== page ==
- When I don’t let myself feel the feelings I need to feel, they stay in my body like a congestion of sorts and show up as knots in my shoulders, painful cramps during my cycle or headaches. I used to think Journaling, meditation, therapy and movement were for my mental health but it’s all connected.
- My attempts to forcefully “get my body in line” with stringent diets, detoxes, and exercise were not sustainable in the long run and only made the pendulum swing in the other direction. The desires’ become so ravishingly unmanageable that I couldn’t help but to succumb to unhealthy binge like indulgences of all kinds. It’s best to meet my body where its at and work with it
- Replacing my critical thoughts with the question, “What do I need now?” directs my thoughts into inquiry, wonder and connection. Replacing the judgment with this question creates healthier inner dialogue within me. If I can be more compassionate to myself in that way, it creates an overflow in which it’s much easier to share this compassion with others in my life and enhances my relationships
- The human body is an animal that communicates through sensations and desires. Not all the technology in the world will change the fact that our bodies have cellular memory of living in nature, hunting gathering and living in sync with the rhythms of the earth. That is why so much research is out about how our stress levels continually trigger our primal flight or fight response. Our body in many ways is an animal trying to clumsily navigate the complex situations our fast paced life exposes it to, whether its digesting fake food from a box or processing the exorbitant amounts of online information were exposed to everyday that we have, for the most part, very little influence over.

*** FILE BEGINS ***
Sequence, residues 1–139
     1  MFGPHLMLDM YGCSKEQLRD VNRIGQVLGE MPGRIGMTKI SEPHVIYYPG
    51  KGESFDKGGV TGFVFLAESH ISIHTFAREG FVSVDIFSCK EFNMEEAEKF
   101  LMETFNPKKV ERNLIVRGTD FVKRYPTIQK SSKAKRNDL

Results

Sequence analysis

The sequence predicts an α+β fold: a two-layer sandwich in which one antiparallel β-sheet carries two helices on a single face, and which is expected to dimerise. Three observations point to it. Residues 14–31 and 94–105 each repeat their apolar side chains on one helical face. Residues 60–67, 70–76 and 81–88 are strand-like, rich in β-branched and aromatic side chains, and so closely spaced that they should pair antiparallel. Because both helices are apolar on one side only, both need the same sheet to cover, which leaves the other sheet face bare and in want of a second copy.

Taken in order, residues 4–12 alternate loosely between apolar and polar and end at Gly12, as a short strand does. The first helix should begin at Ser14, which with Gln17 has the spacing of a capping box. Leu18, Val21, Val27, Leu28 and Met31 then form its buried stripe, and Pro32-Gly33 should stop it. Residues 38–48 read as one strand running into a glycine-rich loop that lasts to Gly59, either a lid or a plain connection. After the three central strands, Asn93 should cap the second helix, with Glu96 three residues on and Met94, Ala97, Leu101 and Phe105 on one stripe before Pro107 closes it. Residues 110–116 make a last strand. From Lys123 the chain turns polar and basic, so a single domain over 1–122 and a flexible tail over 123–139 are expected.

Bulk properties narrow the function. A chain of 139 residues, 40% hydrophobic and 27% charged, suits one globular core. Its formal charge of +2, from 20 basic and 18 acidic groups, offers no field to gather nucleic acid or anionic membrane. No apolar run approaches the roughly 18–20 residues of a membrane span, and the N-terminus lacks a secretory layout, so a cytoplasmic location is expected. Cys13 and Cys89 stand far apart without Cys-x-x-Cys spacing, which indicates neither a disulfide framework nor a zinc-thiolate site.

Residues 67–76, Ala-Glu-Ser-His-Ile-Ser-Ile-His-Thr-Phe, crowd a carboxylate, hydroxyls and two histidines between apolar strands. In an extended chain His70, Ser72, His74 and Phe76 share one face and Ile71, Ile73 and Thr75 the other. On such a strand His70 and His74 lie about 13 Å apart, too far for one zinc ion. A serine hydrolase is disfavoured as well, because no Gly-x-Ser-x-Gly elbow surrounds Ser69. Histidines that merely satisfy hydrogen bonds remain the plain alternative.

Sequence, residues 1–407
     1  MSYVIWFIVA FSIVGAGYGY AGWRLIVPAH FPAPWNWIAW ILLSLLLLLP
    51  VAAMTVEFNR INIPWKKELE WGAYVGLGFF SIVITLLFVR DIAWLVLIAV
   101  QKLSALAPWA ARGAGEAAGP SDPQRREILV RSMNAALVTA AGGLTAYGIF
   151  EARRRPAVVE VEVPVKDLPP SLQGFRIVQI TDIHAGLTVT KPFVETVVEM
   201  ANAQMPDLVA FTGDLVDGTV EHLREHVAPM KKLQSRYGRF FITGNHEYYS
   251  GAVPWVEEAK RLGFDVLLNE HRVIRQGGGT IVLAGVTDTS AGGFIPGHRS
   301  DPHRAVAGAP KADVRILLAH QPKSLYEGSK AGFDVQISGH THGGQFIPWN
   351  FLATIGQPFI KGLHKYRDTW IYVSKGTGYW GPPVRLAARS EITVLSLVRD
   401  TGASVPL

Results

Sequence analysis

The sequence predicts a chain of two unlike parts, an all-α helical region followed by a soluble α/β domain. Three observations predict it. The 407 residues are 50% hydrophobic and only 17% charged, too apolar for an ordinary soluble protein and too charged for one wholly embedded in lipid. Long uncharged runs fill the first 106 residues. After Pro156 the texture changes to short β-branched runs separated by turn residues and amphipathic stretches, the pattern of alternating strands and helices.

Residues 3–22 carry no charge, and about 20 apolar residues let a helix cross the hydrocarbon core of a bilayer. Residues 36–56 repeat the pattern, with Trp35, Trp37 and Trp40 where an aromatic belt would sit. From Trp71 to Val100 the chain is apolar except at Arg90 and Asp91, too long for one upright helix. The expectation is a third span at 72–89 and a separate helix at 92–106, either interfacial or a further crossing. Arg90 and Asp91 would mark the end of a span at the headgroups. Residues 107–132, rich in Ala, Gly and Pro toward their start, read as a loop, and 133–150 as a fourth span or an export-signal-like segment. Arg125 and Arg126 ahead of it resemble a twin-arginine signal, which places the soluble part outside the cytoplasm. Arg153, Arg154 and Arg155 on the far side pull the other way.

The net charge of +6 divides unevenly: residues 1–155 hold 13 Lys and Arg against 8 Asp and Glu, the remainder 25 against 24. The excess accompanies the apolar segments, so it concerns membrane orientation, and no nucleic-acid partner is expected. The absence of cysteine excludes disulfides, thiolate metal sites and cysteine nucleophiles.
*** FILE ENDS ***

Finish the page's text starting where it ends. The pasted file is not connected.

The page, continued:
- My mechanical efforts in initially caring for my body, morphed my relationship to it, until a seed of self love was planted. Regular, yet messy and imperfect attempts at self care nourished that seed and eventually led it to the current relationship in which for the majority of the time, I’m grateful for it and enjoying it.
- Asking myself the question what do I need now , trains my attention to be present, get out of my head and in many ways embrace whatever situations I face in my day as they are. This attitude of acceptance is a much more resourceful place from which to make choices compared to that of judgment and makes me resilient when faced with challenges
- My body’s needs are always changing, depending on the time of year, the time of the month, how much sleep Im getting or what I have going on. The more skilled I become at listening and responding to what it needs, the more it gifts me with insights into the desires of my heart. Heart, mind and body are all connected and when one is in harmony and happy it affects the other two and I’m led to choices that place me in the flow of life where I can easily make things happen as opposed to forcing things to happen.
How has your self care changed the way you relate to your body?
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Sending you love, a reminder to take care of yourself and a big thank you for stopping by!